Do Houstonians really drive more vs. other cities?
Demographia has published a short white paper
debunking the myth that Houstonians drive more than people in other cities based on flawed 2006 FHWA stats. Those stats show we drive 36 vehicle miles per capita per day, the most in the nation among major cities (table 1, page 3
In fact, this data is incorrect. The FHWA 2006 data indicates that the Houston urban area has a population of 2,801,000. According to the United States Bureau of the Census, the population of the Houston urban area was 4,353,000 in 2006. It is true that the FHWA and Census geographical definitions vary, however, the land area of the FHWA urban area (1,476 square miles) is greater than the land area of the Census urban area (1,296 square miles). It is statistically impossible for a Houston urban area with a larger land area to have less population than a Houston urban area with a smaller land area.
Actually Houston’s driving is about average: If the urban area population is corrected to agree with the Bureau of the Census data, per capita driving in the Houston area is slightly below the national average for large urban areas. Houston would rank 19th out of 38 urban areas, with daily per capita driving of 23.2 miles, compared to the national average of 23.9 miles. Houston’s daily driving is only slightly more than urban areas with large rail systems, such as Boston (22.9), Washington (22.3) and San Francisco (22.0) (Table 2 and Slide 1).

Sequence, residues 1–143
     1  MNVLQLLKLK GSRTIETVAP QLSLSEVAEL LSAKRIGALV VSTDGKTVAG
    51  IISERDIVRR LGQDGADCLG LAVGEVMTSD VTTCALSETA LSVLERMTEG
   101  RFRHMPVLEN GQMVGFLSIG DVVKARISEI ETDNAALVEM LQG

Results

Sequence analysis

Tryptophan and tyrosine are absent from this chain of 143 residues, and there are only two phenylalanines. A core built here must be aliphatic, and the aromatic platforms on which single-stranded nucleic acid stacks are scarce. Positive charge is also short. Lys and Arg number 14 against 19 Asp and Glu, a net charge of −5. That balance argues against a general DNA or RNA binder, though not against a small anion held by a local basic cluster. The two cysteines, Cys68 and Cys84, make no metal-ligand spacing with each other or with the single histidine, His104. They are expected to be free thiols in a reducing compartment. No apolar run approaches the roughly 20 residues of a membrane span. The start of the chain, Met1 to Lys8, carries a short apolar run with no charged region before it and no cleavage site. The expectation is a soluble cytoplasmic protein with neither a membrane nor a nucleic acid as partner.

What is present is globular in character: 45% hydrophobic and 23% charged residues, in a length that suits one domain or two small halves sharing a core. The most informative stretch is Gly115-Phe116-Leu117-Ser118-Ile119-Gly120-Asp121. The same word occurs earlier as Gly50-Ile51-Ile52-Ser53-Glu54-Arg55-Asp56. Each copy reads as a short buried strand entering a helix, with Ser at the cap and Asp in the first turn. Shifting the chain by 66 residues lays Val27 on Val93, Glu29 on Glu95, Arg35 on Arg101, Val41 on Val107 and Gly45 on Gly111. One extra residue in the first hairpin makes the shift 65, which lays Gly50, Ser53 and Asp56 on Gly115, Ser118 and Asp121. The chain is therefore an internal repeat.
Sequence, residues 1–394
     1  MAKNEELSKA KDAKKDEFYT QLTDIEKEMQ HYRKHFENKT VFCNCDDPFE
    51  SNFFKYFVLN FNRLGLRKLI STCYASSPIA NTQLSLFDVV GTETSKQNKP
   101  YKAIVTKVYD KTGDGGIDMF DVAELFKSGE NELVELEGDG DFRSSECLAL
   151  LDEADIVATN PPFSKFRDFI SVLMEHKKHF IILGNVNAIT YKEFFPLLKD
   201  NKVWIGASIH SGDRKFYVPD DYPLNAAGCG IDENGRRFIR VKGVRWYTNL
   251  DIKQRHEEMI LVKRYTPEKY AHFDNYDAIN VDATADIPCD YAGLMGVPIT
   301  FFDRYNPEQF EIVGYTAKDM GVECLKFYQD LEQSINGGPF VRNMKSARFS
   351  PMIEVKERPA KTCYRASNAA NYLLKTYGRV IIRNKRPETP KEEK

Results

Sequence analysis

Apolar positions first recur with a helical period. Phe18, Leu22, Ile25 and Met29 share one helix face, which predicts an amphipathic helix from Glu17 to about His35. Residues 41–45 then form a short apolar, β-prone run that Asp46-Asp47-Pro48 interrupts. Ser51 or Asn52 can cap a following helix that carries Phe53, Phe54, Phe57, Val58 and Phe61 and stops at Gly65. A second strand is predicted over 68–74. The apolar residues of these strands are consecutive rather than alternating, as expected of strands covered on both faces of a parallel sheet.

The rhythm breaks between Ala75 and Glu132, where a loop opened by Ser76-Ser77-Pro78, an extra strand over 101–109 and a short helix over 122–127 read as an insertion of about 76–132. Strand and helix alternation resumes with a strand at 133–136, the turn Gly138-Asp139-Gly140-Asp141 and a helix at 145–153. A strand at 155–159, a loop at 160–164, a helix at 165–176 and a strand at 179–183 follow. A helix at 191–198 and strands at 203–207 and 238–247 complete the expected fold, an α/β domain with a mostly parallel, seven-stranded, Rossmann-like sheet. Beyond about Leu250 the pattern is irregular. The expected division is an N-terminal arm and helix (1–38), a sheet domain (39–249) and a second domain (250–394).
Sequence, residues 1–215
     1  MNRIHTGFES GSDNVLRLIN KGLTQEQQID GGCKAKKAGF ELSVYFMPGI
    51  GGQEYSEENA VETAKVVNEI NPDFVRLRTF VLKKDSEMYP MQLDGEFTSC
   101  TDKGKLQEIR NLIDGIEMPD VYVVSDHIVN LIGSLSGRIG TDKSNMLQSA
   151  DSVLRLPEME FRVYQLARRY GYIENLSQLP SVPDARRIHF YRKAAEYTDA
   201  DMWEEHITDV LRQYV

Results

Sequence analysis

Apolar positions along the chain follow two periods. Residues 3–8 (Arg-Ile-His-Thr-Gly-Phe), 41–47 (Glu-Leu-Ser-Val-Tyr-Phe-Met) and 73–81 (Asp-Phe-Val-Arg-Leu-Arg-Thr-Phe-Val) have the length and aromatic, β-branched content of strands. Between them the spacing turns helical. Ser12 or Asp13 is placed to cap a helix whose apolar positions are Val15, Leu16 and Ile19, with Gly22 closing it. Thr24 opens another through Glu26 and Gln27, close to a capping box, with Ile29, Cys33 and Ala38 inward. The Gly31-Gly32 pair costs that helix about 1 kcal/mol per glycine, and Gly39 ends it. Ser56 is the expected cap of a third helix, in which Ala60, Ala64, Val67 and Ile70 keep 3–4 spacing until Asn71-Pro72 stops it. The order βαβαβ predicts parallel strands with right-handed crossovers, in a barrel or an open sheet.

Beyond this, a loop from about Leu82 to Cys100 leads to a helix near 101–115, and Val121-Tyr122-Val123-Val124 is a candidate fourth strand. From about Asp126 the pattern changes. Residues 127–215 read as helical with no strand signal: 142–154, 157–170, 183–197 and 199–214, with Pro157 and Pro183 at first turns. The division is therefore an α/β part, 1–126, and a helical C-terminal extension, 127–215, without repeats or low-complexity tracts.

They go on to point out that TXDoT data shows Houstonians drive meaningfully less (15+%) than the other big Texas cities Austin, San Antonio, and DFW
- even with their larger rail network - then further theorize:
...Houston’s more market oriented land use system would provide a better transportation match between homes and destinations. Houston’s driving data is consistent with this interpretation. Without zoning in the city and the unincorporated suburban areas, Houston does not have the planning barriers that so often lengthen travel times from homes to work and other destinations.
Labels: density, land-use regulation, mobility strategies, sprawl, zoning